subterranean homewatering blue
March 15, 2007 9:57 PM   Subscribe

how do I irrigate a new lawn subterraneanly?

This is for a small area (maybe about 8 m2), so I'm doing it myself. I want to use subterranean irrigation because as I understand it it uses much less water (no evaporation losses) and is neater, almost invisible.

Plan A was to use a weeper hose - one of those furry looking hoses that weep from the entire length - and wind it round the whole patch. But wont roots grow into that and block it up?

How about using a pvc pipe with regularly spaced holes in it? It's not flexible so would require joints - how far apart should the runs be? And wont roots and soil still block the holes up?

Has anyone done this previously?
posted by wilful to Home & Garden (8 answers total)
Grass doesn't grow especially well in swamps, rice paddies, or other natural environments where water rises from the ground. The canonical home of grasses are steppes or plains, where the water, such as it is, comes from above, and evolution has strongly selected for grass plants that do well in such places. Tens upon tens of thousands of square miles, on several continents, bear me out. Golf courses across America are based on water coming from above. Lush residential grass just takes fertilzer, sun, water (from above), reasonable drainage and time.

Subterranean water systems have all the problems you mention and more. They are a magnet for insects. They make arranging drainage more difficult. They don't deliver water evenly, unless their distribution arms are very close together. They're largely adapted to desert environments, where the soils and sub-soils they irrigate are extremely sandy, and the evaporative loss rates are incredible. They are ineffective at dissolving nutrients from common surface pellet fertilizer and at providing the leaf moisture preparation for particle clinging herbicide systems.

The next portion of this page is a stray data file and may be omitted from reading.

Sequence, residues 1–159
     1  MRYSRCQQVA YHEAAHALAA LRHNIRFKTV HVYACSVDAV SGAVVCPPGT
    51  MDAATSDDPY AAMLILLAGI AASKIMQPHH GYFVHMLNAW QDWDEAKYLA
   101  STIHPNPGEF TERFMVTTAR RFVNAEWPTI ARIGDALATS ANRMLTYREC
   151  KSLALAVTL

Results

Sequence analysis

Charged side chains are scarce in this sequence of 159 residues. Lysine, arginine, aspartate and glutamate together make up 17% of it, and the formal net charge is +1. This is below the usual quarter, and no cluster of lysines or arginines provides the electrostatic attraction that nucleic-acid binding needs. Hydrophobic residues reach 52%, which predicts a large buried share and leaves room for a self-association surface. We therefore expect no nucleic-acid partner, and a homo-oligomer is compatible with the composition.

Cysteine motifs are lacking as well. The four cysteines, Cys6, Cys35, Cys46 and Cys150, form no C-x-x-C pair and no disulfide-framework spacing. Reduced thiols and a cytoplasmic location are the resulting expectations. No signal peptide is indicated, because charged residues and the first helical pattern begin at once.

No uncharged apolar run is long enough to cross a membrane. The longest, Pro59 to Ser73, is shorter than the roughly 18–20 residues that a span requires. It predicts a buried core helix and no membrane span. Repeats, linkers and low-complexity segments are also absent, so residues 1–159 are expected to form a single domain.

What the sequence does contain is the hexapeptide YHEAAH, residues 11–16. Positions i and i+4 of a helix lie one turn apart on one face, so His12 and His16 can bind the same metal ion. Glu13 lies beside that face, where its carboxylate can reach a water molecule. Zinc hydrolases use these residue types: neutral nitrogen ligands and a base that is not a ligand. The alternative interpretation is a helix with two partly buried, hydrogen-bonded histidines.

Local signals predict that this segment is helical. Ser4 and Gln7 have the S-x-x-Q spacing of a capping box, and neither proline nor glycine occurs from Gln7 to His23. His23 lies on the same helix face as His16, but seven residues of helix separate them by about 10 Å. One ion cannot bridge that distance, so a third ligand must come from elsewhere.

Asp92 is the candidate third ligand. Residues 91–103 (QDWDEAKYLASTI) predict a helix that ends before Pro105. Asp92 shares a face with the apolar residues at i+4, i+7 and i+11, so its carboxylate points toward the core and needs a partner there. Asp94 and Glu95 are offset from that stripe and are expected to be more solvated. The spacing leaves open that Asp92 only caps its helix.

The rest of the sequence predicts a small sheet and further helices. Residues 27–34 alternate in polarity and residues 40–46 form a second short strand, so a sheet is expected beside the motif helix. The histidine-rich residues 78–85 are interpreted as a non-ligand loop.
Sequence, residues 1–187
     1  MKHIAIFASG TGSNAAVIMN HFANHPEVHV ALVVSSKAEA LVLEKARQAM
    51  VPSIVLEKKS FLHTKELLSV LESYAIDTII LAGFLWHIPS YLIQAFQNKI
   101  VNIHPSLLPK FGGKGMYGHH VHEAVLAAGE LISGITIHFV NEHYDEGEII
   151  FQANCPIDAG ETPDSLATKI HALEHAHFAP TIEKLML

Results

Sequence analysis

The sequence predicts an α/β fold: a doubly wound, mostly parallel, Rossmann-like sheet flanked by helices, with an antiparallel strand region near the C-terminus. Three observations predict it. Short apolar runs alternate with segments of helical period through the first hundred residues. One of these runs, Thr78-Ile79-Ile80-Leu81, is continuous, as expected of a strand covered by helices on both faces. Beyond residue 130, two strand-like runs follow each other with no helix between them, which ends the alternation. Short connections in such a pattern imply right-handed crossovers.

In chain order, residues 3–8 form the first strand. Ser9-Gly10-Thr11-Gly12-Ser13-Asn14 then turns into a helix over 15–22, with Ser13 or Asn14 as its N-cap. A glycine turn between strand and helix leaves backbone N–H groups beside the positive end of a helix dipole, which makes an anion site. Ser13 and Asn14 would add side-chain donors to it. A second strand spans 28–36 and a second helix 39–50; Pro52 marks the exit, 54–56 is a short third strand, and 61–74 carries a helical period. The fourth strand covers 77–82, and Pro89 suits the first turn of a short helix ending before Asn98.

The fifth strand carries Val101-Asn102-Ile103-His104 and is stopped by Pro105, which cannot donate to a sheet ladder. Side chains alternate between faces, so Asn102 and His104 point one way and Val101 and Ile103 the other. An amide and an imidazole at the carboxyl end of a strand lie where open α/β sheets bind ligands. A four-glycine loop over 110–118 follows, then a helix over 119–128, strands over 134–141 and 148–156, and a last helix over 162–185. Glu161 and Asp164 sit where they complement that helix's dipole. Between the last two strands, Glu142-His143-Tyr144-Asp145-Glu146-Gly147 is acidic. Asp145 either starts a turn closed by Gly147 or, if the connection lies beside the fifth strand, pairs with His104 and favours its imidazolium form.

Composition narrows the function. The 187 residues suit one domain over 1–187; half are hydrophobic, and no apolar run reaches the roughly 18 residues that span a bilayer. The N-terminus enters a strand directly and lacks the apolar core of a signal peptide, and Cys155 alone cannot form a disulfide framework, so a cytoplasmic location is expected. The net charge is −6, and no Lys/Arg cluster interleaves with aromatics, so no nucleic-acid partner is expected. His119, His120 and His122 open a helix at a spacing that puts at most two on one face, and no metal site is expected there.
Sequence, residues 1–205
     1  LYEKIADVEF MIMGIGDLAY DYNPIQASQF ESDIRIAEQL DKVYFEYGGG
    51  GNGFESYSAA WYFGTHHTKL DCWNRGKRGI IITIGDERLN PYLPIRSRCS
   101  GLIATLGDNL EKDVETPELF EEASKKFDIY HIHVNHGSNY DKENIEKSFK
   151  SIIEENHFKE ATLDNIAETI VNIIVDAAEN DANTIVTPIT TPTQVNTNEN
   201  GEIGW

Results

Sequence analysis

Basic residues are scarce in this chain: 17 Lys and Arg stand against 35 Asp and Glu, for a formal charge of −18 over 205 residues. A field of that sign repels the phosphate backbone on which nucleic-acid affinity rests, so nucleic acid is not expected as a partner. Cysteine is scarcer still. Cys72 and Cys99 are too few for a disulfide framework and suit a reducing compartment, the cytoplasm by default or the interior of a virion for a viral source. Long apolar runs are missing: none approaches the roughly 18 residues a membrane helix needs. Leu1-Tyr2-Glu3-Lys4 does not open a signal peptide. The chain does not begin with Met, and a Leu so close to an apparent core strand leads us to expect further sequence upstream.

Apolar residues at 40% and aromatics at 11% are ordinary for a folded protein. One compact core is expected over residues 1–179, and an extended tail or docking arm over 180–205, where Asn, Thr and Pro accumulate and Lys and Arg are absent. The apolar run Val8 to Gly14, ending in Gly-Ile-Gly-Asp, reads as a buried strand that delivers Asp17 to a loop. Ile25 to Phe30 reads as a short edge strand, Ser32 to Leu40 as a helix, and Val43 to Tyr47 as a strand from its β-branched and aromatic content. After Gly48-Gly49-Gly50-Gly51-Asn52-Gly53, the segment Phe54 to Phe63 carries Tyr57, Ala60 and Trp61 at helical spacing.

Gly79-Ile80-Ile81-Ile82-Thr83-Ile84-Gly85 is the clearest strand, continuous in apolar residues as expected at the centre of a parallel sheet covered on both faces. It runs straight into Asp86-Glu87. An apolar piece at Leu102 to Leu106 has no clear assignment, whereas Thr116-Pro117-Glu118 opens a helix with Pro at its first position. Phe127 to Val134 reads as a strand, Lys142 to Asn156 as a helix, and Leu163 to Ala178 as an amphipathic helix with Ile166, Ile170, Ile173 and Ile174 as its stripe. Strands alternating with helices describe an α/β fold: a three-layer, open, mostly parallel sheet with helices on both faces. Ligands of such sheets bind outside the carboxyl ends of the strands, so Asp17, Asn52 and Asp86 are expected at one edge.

But you live in Austrailia. What do I know?
posted by paulsc at 10:24 PM on March 15, 2007

Your lawn could be on the cutting edge.
posted by artdrectr at 10:24 PM on March 15, 2007

Best answer: I don't know of a subterranean watering system that isn't subject to root clogging, in the long term. Roots are very good at finding their way upstream.

Evaporation losses from surface watering will be low if you water deeply enough that water only just starts to run off, only just often enough to keep it green, and only do it at night.

Surface drip watering is way more efficient than sprinklers for trees, shrubs and vines, but properly-employed sprinklers are about the best you can do for lawns. Which is why low-water-use gardens generally don't feature much in the way of lawns.

If you want an invisible clog-proof system that doesn't involve sprinklers and doesn't use up drinking water, you can build a small flood-irrigation bed and keep it damp with greywater:

Hire a dingo digger or bobcat to scrape the topsoil off the lawn area to a depth of about 300-450mm. If your subsoil is sandy, get in a load of heavy clay (one cubic metre should be enough for eight square metres of lawn) and spread that over the existing subsoil. Next, compact it. Ideally, you want your subsoil to form an even, gentle, relatively water-impervious slope with no pooling spots; if you run a flood along the highest edge, you want it to run across to the other side as evenly as possible. Also ideally, the highest edge will be one of the long edges, and will be close to your house.

If your topsoil isn't already sandy, mix a load of sand into it to give it some porosity, or put it somewhere else and get in a load of sandy loam. Spread the topsoil back over the shaped and compacted subsoil, trying not to compact the topsoil, and seed it.